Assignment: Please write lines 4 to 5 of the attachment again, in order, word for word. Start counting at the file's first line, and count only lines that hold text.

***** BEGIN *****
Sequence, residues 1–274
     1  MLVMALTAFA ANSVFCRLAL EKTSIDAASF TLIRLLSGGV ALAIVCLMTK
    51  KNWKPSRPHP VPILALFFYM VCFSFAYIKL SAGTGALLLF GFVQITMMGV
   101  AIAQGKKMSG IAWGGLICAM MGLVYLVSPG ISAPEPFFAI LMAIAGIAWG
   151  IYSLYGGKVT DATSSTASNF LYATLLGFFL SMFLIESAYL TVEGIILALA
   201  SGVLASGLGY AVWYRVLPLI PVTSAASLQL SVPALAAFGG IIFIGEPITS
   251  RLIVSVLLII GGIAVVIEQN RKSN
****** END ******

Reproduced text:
   101  AIAQGKKMSG IAWGGLICAM MGLVYLVSPG ISAPEPFFAI LMAIAGIAWG
   151  IYSLYGGKVT DATSSTASNF LYATLLGFFL SMFLIESAYL TVEGIILALA